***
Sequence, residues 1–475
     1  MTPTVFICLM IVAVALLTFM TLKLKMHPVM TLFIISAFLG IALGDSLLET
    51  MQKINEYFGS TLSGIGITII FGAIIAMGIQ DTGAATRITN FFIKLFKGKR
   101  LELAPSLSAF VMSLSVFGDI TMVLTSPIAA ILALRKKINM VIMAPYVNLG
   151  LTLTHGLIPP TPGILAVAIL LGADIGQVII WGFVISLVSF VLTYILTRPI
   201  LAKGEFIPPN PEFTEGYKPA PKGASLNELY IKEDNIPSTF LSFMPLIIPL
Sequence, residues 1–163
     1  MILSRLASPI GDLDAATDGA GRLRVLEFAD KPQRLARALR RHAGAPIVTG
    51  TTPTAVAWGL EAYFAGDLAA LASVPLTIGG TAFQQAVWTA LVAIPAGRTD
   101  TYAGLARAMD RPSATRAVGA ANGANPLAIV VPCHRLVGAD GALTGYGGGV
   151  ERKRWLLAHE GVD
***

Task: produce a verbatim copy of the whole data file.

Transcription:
Sequence, residues 1–475
     1  MTPTVFICLM IVAVALLTFM TLKLKMHPVM TLFIISAFLG IALGDSLLET
    51  MQKINEYFGS TLSGIGITII FGAIIAMGIQ DTGAATRITN FFIKLFKGKR
   101  LELAPSLSAF VMSLSVFGDI TMVLTSPIAA ILALRKKINM VIMAPYVNLG
   151  LTLTHGLIPP TPGILAVAIL LGADIGQVII WGFVISLVSF VLTYILTRPI
   201  LAKGEFIPPN PEFTEGYKPA PKGASLNELY IKEDNIPSTF LSFMPLIIPL
Sequence, residues 1–163
     1  MILSRLASPI GDLDAATDGA GRLRVLEFAD KPQRLARALR RHAGAPIVTG
    51  TTPTAVAWGL EAYFAGDLAA LASVPLTIGG TAFQQAVWTA LVAIPAGRTD
   101  TYAGLARAMD RPSATRAVGA ANGANPLAIV VPCHRLVGAD GALTGYGGGV
   151  ERKRWLLAHE GVD